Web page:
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Total and Free Carnitine

Does this test have other names?

Quantitative plasma carnitine, plasma carnitine, plasma acylcarnitine analysis

What is this test?

This test measures the amount of a substance called carnitine in your blood. It looks at how much usable or "free" carnitine you have. It compares that with the total amount in your blood.

Carnitine is a compound that's present in nearly every part of your body. Your cells normally use the fats in your body for energy. Without carnitine, your body has trouble digesting fatty acids. It can't turn fats into energy. It uses the sugar in your blood for energy instead.

Some people have a carnitine deficiency. If your body can't use carnitine, you have low blood sugar and can become weak, tired, and anemic. You may have heart and kidney problems. Some people even get progressive muscle diseases like muscular dystrophy.

About 1 in every 100,000 babies born in the U.S. has a carnitine deficiency. Newborns are usually screened for a condition called primary carnitine deficiency. Some people also get a carnitine deficiency because of type 2 diabetes, cancer, heart problems, or kidney problems. This problem is more common in Japan. In that country 1 in every 40,000 babies is born with a primary carnitine deficiency.

Getting tested helps your healthcare provider find out whether you are able to use carnitine as you should.

Why do I need this test?

You may need this test if you are being treated for type 2 diabetes, cancer, an enlarged heart, or kidney disease. In some cases, these conditions can affect how you use carnitine.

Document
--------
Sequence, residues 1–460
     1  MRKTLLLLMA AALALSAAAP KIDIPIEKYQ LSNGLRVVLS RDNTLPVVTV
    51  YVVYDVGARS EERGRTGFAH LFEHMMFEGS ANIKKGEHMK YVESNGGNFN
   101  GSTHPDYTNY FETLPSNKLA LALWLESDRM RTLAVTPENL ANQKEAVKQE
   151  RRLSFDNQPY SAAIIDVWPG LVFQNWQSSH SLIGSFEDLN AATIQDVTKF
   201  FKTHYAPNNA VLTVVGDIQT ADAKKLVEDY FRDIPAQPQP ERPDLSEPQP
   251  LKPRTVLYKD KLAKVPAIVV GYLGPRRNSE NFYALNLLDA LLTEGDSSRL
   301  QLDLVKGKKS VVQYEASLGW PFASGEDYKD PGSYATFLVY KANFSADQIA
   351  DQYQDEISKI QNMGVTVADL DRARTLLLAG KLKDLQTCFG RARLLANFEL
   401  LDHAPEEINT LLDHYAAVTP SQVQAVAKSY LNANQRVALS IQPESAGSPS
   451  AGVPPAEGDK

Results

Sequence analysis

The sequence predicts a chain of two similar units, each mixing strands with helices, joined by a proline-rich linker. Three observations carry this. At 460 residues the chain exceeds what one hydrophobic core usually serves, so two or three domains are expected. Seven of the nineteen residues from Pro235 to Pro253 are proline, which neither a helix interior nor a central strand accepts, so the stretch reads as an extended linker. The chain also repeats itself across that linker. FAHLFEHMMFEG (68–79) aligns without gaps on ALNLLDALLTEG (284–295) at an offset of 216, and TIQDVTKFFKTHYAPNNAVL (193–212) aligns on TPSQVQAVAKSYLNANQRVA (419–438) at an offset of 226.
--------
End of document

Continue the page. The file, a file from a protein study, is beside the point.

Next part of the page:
This test is often given to babies shortly after birth. It is also given to toddlers, especially if they show signs of carnitine deficiency. These signs include eating problems, vomiting, confusion, seizures, and muscle weakness.

What other tests might I have along with this test?

If your healthcare provider thinks you have another disease or inherited disorder, you may need other tests. These include:

  • Complete blood count. This test looks for blood disorders such as anemia.

  • Serum electrolytes. This looks for an imbalance of sodium, potassium, or other electrolytes in your blood.

  • Blood sugar (glucose). This measures your blood sugar and helps diagnose diabetes.

  • Tests to look for liver injury and disease

  • Blood gas. This looks for an acid-base imbalance in your blood.

  • Urine tests. These check your urine for signs of a kidney infection, urinary tract damage, infection, or diabetes.

Your healthcare provider may also talk to you about genetic testing if he or she think there is a genetic reason you can't absorb carnitine.

What do my test results mean?

Test results may vary depending on your age, gender, health history, the method used for the test, and other things. Your test results may not mean you have a problem. Ask your healthcare provider what your test results mean for you. 

Test results are a percentage of the amount of free carnitine compared with the total amount of carnitine in your blood. A ratio greater than 0.4 suggests you have a carnitine deficiency. Also, if your total serum carnitine is less than 40 micromoles per liter (μmol/L), you may have a carnitine deficiency.

Results also depend on your physical condition and age.

How is this test done?

The test is done with a blood sample. A needle is used to draw blood from a vein in your arm or hand. 

Does this test pose any risks?

Having a blood test with a needle carries some risks. These include bleeding, infection, bruising, and feeling lightheaded. When the needle pricks your arm or hand, you may feel a slight sting or pain. Afterward, the site may be sore. 

What might affect my test results?

What you eat may affect the results of this test.

How do I get ready for this test?

Ask your healthcare provider whether you should not eat or drink anything but water before this test. Be sure your provider knows about all medicines, herbs, vitamins, and supplements you are taking. This includes medicines that don't need a prescription and any illicit drugs you may use. 

Medical Reviewers:

  • Greco, Frank, MD
  • Sather, Rita, RN